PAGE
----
So it was, that one day in the summer of 1925 the 22-year-old boarded the train that took him to Ames, Iowa, home of Iowa State College. He was ready to make his mark in the world of science. From September to November he was busy working on his master's degree and teaching two undergraduate mathematics classes. Even though his social life was minimal due to his busy schedule, he was familiar with one campus organization, the Dixie Club, a club organized for southern students away from home. One evening, he decided to drop by the club to see what was going on. There he met Lura Meeks, a beautiful, brown-haired, blue-eyed 25-year-old home economics major from Oklahoma. This chance meeting led to another date, and then another. Soon they were best friends, seeking each other's company.
In June 1926, John received his master's degree in mathematics from Iowa State College, and a few days later, he married Lura. Iowa State had hired him to teach mathematics; Lura had not yet completed the work for her degree in home economics, and she had signed a contract to teach school during the 1926-1927 school year in Montana so she could save enough money to complete the year she needed for that degree. Midway through the school year, she decided to break her teaching contract to return to Ames to be with her husband. A little over a year later, their oldest daughter Elsie, was born. When Elsie was one, the family moved to Madison, Wisconsin, where John had been accepted as a doctoral candidate. Two other children, Joanne and John, were later born to the couple. The work on his doctoral thesis, "The Dielectric Constant of Helium," gave Atanasoff his first experience in serious computing. He spent hours on a Monroe calculator, one of the most advanced calculating machines of the time. During the hard weeks of calculations to complete his thesis Atanasoff acquired an interest in developing a better and faster computing machine. After receiving his Ph.D. in theoretical physics in July 1930, he returned to Iowa State College with a determination to try to create a faster, better computing machine.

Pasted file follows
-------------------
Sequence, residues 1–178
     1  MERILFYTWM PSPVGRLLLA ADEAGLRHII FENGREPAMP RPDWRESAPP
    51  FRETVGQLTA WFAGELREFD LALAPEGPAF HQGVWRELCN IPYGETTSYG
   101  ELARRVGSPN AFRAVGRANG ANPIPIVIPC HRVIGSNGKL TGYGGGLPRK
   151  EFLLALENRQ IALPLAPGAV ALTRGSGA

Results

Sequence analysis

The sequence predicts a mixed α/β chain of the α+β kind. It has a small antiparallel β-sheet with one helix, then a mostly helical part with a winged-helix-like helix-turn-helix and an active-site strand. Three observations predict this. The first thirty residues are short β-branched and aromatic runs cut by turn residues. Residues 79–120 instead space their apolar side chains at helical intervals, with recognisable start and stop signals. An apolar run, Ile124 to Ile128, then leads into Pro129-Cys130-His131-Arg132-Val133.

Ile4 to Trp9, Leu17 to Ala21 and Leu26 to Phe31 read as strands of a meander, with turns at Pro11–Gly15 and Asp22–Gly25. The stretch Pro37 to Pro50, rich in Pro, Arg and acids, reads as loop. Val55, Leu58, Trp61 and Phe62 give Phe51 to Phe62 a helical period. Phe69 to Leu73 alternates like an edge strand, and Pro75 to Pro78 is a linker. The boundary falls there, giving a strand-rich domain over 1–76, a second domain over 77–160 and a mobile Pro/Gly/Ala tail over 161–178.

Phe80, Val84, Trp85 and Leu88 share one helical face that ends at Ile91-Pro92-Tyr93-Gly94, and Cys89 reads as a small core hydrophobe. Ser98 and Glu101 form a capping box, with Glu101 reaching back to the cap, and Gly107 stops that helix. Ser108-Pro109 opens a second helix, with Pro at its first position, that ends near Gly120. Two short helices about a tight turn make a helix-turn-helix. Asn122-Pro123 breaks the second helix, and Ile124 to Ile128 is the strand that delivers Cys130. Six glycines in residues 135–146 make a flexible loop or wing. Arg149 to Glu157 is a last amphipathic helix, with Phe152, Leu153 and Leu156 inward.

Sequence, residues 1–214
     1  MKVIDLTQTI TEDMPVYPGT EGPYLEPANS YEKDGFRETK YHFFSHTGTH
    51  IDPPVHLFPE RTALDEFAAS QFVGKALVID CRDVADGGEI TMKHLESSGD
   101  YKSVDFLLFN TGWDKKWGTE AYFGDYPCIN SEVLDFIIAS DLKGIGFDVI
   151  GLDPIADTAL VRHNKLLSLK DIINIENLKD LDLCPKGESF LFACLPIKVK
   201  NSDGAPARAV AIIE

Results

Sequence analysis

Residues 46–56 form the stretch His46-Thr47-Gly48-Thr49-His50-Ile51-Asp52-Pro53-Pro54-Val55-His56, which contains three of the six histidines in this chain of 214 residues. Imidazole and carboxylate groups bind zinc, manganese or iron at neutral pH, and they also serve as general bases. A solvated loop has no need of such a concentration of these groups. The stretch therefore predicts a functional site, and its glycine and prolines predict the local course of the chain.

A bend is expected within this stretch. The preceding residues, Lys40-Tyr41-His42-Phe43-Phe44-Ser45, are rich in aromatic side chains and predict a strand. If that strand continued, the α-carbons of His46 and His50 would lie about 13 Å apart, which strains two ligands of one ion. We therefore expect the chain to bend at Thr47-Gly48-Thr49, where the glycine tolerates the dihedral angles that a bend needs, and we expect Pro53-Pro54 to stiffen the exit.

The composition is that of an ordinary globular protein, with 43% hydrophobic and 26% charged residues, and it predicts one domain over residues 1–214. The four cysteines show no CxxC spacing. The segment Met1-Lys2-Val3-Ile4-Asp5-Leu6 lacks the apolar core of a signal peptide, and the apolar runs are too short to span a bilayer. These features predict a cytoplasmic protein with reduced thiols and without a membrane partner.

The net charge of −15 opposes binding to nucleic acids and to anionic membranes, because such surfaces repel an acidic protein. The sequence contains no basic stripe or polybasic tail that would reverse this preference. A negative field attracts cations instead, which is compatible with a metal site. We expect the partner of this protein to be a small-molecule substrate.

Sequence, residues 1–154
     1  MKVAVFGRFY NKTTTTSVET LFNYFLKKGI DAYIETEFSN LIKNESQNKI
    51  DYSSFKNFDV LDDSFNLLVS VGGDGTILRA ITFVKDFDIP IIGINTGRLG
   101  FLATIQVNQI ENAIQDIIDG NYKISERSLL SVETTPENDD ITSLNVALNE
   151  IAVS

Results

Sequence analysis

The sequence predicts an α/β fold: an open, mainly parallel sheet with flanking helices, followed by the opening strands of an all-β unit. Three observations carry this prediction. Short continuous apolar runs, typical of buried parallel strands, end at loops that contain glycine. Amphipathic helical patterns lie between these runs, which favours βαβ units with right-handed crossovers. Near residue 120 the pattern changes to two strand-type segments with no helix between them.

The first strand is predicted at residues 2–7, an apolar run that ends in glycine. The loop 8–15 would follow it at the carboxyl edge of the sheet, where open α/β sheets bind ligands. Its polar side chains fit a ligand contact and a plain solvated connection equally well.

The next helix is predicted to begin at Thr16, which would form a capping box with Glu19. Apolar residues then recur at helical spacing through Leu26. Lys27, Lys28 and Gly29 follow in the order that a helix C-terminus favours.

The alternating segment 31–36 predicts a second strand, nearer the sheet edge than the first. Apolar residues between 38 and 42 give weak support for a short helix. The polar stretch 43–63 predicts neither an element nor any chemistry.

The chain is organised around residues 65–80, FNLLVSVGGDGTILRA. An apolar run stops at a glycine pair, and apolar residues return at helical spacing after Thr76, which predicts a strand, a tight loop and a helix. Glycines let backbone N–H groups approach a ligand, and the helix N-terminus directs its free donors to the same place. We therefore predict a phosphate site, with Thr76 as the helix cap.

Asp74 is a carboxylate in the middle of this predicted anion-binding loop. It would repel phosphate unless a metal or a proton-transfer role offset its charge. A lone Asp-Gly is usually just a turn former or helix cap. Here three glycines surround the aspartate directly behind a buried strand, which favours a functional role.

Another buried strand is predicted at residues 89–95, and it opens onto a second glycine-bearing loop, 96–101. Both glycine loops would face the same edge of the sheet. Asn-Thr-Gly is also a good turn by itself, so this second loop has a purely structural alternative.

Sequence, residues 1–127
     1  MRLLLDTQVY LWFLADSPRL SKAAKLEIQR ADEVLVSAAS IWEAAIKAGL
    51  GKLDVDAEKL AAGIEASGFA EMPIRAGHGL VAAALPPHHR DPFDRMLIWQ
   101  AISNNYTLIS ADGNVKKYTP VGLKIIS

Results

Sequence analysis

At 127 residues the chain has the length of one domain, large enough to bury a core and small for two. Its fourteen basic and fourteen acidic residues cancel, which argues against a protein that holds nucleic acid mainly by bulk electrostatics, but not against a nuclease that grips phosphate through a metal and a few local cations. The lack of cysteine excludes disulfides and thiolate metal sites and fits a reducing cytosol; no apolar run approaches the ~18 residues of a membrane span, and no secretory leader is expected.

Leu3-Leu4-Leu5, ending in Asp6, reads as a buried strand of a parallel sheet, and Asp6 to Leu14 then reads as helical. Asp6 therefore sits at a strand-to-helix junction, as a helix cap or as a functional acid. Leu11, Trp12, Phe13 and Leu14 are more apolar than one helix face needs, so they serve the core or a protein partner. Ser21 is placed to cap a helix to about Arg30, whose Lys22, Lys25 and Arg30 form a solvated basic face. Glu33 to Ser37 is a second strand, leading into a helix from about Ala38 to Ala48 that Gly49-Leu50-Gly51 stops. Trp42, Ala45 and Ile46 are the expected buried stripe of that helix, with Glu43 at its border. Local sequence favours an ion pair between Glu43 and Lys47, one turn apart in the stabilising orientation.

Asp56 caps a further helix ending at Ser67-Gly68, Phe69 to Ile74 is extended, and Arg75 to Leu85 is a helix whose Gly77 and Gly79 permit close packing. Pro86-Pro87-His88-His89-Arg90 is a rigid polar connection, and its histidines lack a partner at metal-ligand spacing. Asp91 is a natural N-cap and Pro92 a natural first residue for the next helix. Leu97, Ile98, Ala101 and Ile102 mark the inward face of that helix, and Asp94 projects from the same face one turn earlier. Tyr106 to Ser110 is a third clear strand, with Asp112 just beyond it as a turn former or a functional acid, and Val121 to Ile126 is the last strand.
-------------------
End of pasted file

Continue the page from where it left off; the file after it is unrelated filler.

In the fall of 1930 he became a member of the Iowa State College faculty as assistant professor in mathematics and physics. With his academic background, Atanasoff felt he was well equipped to try to figure out how to develop a way of doing the complicated math problems he had encounted during his doctoral thesis, in a faster, more efficient way. During the period that he was doing experiments with vacuum tubes and radio, and examining the field of electronics, he was promoted to associate professor of both mathematics and physics and moved from Beardshear Hall to the Physics Building.
After examining many mathematical devices available at the time, Atanasoff concluded that they fell into two classes--analog and digital. Since the term "digital" was not used until much later, Atanasoff contrasted the analog devices to what he called "computing machines proper." In 1936 he engaged in his last effort to construct a small analog calculator. With Glen Murphy, then an atomic physicist at Iowa State College, he built the "Laplaciometer," a small analog calculator. It was used for analyzing the geometry of surfaces. Atanasoff regarded this machine as having the same flaws as other analog devices, where accuracy was dependent upon the performance of other parts of the machine.